HP is in the news recently, pretty much for the last 6 months. And thanks to that the stock has been pummelled like crazy.
If you read newspapers and watch CNBC, you will realize that HP and Dell are on a downward spiral.
Often it is portrayed that they are in the same boat as Nokia and RIM.
Lets look at the financials over the past 8 years.
Book Value/Share has increased from $12.30/share in 2004 to $21.18/share in 2011. But here is the caveat, look at the Book Value without Goodwill. It has actually gone down significantly from $7.11/share in 2004 to $0.25/share in 2011. LT Debt over the years has gone from $4.6 billion to $22.5 billion ~ almost 5 times.
So what does that say – “Overpaid Acquisitions”.Not necessarily bad acquisitions, but HP has paid a lot to acquire the companies over these eight years.
We have Meg Whitman, the former CEO of eBay as the CEO as HP for the past year. She has effectively written down these overpaid investments of two companies – Palm and EDS. So obviously, the book value will go down now and it will be interesting to watch what else they will have to write down.
Let us look at the available upside.
- They still have $8 billion in cash
- They are going to make $4/share in earnings this year
- EBIT probably will be somewhere between $4 to $5/share
- R&D should go up and Meg has talked a lot about it
- FCF was $8 billion last year.
- FCF over 8 years was $65 billion
- They have paid back $8 billion in dividends and $60 billion in stock buy back in the past 8 years
- Shares remaining have gone down from 3 billion shares to 2.1 billion shares
So you can see this company understands shareholder value.
iPads and iPhones rule the world but there is still a place for good old PC especially when HP laptops are $500 each. Lenovo/ASUS is giving good competition but HP CAN and MUST work with its vendors to reduce cost to compete effectively.
EDS is a low margin business but that is not disappearing away. They can leverage the IBM model, which is not that hard to replicate and compete effectively.
They will have to innovate against the disappearing printer market, there is no other chance. Laser prints will stay but the ink money HP made years ago cannot be replicated. Autonomy purchase is another overpaid one. But it can help HP begin its ventures in to Software, especially Enterprise Software. They have the power of EDS to make money on consulting.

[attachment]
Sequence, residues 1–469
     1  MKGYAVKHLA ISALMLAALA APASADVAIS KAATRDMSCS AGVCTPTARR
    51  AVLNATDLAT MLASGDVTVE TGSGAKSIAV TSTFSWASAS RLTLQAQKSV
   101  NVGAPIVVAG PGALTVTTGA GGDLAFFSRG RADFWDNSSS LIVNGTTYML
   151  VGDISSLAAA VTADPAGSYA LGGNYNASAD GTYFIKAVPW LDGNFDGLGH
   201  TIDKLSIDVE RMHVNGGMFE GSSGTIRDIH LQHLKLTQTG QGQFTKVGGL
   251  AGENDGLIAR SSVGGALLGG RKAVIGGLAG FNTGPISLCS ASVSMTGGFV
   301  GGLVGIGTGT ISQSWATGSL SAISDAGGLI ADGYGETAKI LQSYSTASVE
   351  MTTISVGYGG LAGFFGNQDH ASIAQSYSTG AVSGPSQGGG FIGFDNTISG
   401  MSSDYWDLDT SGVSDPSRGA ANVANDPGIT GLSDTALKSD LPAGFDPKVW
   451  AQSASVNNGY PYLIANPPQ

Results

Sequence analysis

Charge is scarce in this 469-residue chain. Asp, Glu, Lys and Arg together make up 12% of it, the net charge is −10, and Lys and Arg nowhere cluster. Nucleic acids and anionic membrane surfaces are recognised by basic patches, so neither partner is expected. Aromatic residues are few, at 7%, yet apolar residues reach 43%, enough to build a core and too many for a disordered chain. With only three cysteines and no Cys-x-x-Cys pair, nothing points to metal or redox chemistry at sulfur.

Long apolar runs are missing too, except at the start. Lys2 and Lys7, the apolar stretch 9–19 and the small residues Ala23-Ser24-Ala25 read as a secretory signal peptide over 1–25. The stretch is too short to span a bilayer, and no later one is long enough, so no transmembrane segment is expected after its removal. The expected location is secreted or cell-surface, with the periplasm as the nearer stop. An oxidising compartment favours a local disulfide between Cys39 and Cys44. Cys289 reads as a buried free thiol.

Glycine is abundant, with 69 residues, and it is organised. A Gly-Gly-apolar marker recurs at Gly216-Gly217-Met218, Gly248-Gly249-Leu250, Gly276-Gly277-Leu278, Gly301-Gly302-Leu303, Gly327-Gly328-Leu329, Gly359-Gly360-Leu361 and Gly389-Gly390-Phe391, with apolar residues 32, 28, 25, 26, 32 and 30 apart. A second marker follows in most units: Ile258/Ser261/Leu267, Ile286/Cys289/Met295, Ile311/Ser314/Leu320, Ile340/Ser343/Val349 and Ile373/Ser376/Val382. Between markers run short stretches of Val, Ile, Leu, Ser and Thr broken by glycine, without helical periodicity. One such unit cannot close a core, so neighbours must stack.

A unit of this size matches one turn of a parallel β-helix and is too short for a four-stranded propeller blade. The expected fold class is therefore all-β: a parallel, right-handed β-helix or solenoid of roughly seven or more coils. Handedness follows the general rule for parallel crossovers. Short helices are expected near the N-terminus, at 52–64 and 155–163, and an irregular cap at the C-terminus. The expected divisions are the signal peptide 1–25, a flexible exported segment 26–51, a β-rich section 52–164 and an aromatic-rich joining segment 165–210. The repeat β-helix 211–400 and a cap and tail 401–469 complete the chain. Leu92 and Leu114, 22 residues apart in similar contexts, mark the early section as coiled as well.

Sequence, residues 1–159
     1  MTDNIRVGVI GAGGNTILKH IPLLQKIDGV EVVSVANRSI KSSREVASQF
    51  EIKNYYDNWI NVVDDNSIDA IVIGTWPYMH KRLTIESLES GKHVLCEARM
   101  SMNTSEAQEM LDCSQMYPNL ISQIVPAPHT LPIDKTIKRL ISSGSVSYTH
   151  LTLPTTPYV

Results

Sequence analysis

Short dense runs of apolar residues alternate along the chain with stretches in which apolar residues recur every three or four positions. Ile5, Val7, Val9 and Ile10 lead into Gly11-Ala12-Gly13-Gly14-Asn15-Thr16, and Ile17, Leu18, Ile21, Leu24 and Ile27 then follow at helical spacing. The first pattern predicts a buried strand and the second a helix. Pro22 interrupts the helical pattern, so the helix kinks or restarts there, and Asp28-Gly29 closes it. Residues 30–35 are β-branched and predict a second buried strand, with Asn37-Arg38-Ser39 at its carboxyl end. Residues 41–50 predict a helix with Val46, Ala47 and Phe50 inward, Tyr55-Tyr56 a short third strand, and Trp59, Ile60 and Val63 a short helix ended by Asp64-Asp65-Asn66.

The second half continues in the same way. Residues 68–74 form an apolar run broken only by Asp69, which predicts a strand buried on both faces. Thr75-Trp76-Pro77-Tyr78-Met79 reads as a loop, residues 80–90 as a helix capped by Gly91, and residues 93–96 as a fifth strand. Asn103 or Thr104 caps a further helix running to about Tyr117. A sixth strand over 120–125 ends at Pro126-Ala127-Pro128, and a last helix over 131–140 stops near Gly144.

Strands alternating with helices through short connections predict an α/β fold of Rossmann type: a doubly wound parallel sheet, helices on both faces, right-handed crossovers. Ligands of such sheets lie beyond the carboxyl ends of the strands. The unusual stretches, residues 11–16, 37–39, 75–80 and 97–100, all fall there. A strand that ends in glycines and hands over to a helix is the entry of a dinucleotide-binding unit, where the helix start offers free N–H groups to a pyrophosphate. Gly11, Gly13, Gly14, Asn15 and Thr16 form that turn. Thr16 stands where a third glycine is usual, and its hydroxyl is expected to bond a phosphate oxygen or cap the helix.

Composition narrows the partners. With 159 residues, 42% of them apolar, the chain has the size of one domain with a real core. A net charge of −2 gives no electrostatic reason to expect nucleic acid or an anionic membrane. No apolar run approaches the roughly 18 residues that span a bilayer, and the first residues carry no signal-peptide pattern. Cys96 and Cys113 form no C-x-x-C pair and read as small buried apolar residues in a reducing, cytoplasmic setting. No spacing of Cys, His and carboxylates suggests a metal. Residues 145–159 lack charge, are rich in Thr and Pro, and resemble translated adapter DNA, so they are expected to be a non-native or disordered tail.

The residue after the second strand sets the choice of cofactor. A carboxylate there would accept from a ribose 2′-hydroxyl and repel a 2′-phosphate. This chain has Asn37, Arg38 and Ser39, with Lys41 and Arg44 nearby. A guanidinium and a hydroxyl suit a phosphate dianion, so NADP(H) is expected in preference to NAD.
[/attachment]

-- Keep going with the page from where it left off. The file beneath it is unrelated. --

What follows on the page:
So yeah! HP is not disappearing purely because its not a one product company like RIM and is not focussed in one space like Nokia.
They have a 10 year run way and if they screw up in that process, then are done. But even doing minor changes can help save this company. One cannot innovate by overpaying for any acquisitions. Unfortunately, Meg Whitman herself at eBay has done a few of these overpaid acquisitions and I wouldn’t be surprised she does a few more with HP.
This company makes cash and hence I would value this at least at book value and 10x FCF or 10xEBIT.
With book value, it is around $21/share.
10xFCF is $80 billion and that is $38/share
10xEBIT is $50/share
I would stick more closer to $38/share and this is available at a 50% discount now.
If Meg really turns around the company and can streamline the business in a few years, then this is worth more.
There can be a lot of holes and this can pull this company down, but if the manager is smart, they can cut down and bleeding can stop at HP.
There is one more thing – HP has spent $30billion in R&D these years and., I haven’t heard any new crap from them in a long long time.
But stick to the basics on the FCF and 36k patents. There is some upside.
Disclosure: The author and his firm owns HP Stock and may choose to buy or sell more any time.